When Freddie Freeman agreed to an eight-year, $135 million extension with the Braves earlier this week, it was difficult to not think of Craig’s deal. Even when you factor in that Freeman, 24, is five years younger, Craig’s contract should prove to be more team friendly. Over the next three seasons, for example, he will make $17.25 million to Freeman’s $25.625 million.

Craig’s versatility adds to his value, too. Freeman is considered one of the top defensive first basemen in the game, but you’re not likely to see him in right field anytime soon. After playing mostly first base in 2013, Craig is headed back to right field to take Carlos Beltran’s spot and give Matt Adams the opportunity to play regular first base.

While Craig isn’t likely to win a Gold Glove at either position, neither is he a liability at either spot. (Otherwise, you can be sure Tony La Russa would not have joked at Craig’s expense at the recent baseball writers’ dinner. The answer, La Russa provided first, was Catch-22. The question: If you hit 100 balls to right field, how many will Craig catch?)


At the Winter Warm-Up, Craig admitted that his left foot still was short of 100 percent, but he wasn’t expecting to be slowed during spring training. He said he took a month off following the World Series, then began off-season workouts with a focus on improving his left foot.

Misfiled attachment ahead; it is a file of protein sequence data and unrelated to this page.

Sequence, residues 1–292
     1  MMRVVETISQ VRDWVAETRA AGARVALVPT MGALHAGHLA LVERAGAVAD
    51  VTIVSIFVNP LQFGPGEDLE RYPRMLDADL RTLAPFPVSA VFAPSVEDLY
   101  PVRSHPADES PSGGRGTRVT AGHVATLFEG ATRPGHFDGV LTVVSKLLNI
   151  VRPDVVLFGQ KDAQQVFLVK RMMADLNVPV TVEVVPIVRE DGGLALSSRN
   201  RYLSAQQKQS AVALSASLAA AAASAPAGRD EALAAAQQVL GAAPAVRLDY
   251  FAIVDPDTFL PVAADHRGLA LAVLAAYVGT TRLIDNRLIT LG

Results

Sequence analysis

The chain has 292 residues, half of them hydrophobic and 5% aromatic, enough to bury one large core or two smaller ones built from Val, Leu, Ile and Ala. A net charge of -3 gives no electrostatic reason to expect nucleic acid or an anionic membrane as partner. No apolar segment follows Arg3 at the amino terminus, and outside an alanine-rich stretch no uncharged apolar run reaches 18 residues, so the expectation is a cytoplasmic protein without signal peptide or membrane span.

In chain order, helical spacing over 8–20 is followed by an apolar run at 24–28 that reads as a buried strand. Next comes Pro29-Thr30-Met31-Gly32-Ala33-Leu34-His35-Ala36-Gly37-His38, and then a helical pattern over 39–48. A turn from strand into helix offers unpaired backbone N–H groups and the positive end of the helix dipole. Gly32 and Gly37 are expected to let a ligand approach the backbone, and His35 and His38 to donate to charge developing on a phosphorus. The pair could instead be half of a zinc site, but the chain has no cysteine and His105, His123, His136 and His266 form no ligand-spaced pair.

"Just strengthening all the little muscles and flexibility issues," he said. "But I think we ironed that out pretty good. I was able to move on to more conditioning and weightlifting."

He had proceeded to agility drills and running by January and actually was looking forward to returning to the outfield.

"As long as I’m healthy, I don’t think it matters what position I’m playing, and I feel pretty darn good right now," he said. "I’m excited about that."

On those few occasions when he met with the media last fall to update his condition, it was easy to see his frustration. Though he isn’t one to show much emotion, Craig later admitted that sitting out last fall was more difficult than he might have let on.

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"That was a pretty tough time in my career," he said. "Just a really tough time for that injury to happen. It was just bad timing, a tough pill to swallow."

Even though the Cardinals lost, being able to return for the World Series was worth the considerable pain he played through.

"To get out there and contribute with the team was a great experience overall," said Craig, who led the Cardinals in hitting and scored the winning run in Game 3 on a crazy walk-off obstruction call.

Craig landed so awkwardly at the plate that he appeared to reinjure his left foot, leaving his status for the rest of the Series in doubt. He didn’t start the next night but was able to pinch hit in the ninth inning.

No surprise, he lined a single to right.

You can follow Stan McNeal on Twitter at @stanmcneal or email him at stanmcneal@gmail.com.